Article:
Eurozone Economies Gain Momentum Despite Political Headwinds

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By Bill Witherell, Ph.D, Chief Global Economist

Leading economic data released last week indicate that European economies were accelerating as 2016 drew to a close. The political uncertainties facing the region, including elections in France, Germany, and the Netherlands, along with the opening of Brexit negotiations, apparently has not dampened business and consumer optimism. Investors have been more hesitant because of the risks, but over the last month, the iShares MSCI Eurozone ETF (BATS:EZU) surged to a 6% total return gain.

The good economic news was widespread. The Markit Eurozone Manufacturing Purchasing Managers' Index (PMI) registered 54.9 for December, its highest level since April 2011, with manufacturing PMIs higher in all Eurozone countries surveyed except Greece. The surge in production was accompanied by rising price pressures. The depreciation of the euro is believed to be the main factor behind these developments. Service sector growth in the Eurozone was also strong in December, close to November's 11-month high. Overall, the Composite PMI (manufacturing plus services) expanded at the quickest pace since May 2011. It is therefore not surprising that, according to the European Commission, Eurozone economic confidence reached in December its highest level since March 2011.

Turning to the largest economy in the Eurozone, Germany's Manufacturing PMI registered strong growth in December, the highest in nearly three years, with improving business conditions. Germany's service sector experienced a slight easing in business activity but remained robust. Germany's Composite PMI reached a 5-month high.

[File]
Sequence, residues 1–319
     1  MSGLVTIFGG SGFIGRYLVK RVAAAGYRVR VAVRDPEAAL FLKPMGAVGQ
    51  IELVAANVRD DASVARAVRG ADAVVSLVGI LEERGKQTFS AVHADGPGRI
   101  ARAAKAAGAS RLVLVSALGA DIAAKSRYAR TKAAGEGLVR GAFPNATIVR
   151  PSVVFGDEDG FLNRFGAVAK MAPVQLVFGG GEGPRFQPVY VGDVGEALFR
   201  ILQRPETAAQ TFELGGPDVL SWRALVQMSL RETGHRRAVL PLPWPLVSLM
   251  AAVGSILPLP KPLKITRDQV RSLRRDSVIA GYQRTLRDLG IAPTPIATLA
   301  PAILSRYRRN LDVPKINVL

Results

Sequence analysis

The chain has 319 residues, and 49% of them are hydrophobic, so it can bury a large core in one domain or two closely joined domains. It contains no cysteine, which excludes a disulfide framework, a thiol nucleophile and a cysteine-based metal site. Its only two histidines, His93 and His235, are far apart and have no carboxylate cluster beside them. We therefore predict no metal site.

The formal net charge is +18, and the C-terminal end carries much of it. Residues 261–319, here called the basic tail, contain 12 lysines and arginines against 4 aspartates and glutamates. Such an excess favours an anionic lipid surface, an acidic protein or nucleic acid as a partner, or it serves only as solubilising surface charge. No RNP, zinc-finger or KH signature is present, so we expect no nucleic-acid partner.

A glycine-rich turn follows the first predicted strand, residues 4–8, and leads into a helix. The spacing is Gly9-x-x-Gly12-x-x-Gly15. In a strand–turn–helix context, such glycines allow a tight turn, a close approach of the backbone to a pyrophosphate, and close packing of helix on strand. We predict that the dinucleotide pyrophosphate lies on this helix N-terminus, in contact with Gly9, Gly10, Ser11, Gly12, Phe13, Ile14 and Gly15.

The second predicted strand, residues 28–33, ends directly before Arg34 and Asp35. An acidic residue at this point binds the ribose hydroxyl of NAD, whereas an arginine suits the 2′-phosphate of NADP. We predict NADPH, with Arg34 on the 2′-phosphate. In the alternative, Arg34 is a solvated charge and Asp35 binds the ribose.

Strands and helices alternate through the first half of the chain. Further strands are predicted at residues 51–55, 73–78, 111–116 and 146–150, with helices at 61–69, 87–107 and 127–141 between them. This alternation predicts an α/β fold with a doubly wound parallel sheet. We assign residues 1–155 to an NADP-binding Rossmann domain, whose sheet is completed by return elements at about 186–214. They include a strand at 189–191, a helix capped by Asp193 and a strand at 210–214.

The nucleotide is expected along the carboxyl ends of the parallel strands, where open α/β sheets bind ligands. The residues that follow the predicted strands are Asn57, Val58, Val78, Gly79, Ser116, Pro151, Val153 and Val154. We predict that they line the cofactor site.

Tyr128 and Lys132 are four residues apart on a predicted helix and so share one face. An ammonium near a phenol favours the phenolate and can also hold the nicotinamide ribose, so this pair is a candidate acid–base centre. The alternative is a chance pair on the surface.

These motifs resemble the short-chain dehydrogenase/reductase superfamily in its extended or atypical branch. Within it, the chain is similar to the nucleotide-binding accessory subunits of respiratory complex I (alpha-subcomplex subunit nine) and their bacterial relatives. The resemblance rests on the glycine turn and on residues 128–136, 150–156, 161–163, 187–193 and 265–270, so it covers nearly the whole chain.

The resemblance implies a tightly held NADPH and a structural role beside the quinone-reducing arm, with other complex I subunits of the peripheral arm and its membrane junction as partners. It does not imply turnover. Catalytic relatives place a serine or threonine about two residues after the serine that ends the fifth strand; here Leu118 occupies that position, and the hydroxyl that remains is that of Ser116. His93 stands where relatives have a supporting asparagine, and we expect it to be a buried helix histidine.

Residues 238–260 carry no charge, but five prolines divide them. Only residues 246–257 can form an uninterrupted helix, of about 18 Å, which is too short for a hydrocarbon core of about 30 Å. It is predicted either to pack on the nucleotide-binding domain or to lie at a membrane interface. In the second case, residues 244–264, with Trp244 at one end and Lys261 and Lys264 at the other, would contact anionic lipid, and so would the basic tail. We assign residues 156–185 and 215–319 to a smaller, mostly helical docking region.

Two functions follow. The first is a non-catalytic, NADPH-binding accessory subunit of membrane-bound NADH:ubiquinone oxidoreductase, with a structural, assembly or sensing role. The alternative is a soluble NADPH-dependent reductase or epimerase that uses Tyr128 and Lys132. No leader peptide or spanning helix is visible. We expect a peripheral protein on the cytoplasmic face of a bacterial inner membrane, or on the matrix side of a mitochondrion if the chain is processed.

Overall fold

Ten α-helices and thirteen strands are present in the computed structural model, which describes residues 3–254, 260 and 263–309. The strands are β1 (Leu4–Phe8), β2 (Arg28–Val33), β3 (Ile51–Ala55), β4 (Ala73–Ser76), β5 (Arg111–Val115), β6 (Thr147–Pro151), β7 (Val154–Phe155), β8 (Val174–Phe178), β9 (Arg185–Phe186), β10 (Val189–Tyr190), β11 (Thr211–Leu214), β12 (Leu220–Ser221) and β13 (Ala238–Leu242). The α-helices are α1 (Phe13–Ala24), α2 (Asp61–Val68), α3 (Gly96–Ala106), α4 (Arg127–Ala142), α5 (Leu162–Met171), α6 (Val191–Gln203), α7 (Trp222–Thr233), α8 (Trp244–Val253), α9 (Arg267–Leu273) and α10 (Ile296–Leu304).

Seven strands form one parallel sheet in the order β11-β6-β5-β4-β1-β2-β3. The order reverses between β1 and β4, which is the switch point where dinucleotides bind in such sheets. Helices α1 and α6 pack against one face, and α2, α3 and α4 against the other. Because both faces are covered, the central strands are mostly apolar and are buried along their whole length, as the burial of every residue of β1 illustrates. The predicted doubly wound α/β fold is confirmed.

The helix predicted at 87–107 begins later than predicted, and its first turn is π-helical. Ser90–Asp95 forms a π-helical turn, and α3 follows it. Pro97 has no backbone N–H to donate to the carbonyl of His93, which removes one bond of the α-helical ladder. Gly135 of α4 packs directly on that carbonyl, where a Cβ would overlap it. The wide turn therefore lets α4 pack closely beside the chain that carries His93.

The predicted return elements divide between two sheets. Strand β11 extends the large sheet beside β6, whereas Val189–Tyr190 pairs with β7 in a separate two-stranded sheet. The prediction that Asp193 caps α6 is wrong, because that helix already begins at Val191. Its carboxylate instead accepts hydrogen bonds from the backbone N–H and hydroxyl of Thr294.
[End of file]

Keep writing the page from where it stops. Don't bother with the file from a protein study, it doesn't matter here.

France's Manufacturing PMI reached a 67-month high in December; and with rising growth in the service sector over the last six consecutive months, the Composite PMI for France reached an 18-month high. French companies reported the strongest optimism since March 2012. In addition to the weaker euro, the nomination of market-friendly Francois Fillon as the conservative candidate in France's presidential election likely contributed to this optimism.

Further south, Italy's Manufacturing PMI registered its strongest growth in six months, which is impressive in view of the political uncertainties and banking sector difficulties in that country. Service sector activity also continued to rise but at a slower rate, which caused the Composite PMI to register slower growth in overall output compared with November's 9-month high.

Finally, in Spain, manufacturing performance continued to strengthen in December, with the Manufacturing PMI advancing at its fastest pace since January 2016. The same was the case for new orders. Service sector growth has remained broadly at the strong pace reached in December. Spain's Composite PMI attained a six-month high in December. Over the past year, Spain created jobs at the highest pace in the last ten years.

Eurozone equities lagged the global market in 2016 until the surge in December, with a deep low reached in June following the Brexit vote. Over the last six months through January 5, the market recovered. The iShares MSCI Eurozone ETF registered a 14.4% total return. For US-dollar-based investors, the returns on unhedged Eurozone positions were hit by the euro's depreciation. The iShares Currency Hedged MSCI Eurozone ETF (NYSEARCA:HEZU) gained 20.27% over the same period. In Cumberland Advisors' International and Global ETF Portfolios, we continue to favor hedging our Eurozone positions and think that the euro is likely to continue to trend lower against the US dollar. We remain underweight the Eurozone due to the multidimensional political uncertainties facing Europe this year, the uncertain Brexit outcome, and the unresolved weaknesses in banking systems. We are monitoring the situation closely and would consider adding to our Eurozone positions, particularly Germany and France, should there be further encouraging news such as continuation of the strong acceleration in the major economies, a Fillon election victory in France and/or improvement in the situation of Eurozone banks, particularly in Italy.

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